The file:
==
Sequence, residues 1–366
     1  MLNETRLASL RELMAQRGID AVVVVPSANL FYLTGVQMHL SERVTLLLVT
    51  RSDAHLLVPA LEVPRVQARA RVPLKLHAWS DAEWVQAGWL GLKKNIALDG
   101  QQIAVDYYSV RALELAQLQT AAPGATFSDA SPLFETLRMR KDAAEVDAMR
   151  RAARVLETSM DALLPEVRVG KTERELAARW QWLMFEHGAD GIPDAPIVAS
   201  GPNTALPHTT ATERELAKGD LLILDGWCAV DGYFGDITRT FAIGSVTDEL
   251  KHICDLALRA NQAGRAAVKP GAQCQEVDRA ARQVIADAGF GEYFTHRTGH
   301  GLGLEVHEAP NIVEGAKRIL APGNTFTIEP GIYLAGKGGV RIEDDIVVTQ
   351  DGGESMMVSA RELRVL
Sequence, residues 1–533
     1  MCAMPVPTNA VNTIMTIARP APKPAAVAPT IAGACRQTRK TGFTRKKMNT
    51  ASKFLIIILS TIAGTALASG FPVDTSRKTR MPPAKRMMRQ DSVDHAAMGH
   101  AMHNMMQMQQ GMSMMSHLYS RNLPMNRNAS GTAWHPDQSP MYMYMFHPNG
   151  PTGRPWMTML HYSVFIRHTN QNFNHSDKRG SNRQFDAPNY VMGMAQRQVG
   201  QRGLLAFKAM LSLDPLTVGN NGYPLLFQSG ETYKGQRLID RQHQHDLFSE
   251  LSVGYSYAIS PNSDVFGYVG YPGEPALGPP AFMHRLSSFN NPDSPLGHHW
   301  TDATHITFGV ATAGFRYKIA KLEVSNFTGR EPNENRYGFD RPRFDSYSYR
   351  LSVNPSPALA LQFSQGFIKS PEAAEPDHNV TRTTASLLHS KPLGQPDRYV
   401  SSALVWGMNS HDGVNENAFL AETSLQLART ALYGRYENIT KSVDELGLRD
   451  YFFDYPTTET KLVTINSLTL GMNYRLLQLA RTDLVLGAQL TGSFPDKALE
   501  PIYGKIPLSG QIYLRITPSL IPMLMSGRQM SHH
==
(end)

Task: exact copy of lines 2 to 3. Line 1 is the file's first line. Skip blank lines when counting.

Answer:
     1  MLNETRLASL RELMAQRGID AVVVVPSANL FYLTGVQMHL SERVTLLLVT
    51  RSDAHLLVPA LEVPRVQARA RVPLKLHAWS DAEWVQAGWL GLKKNIALDG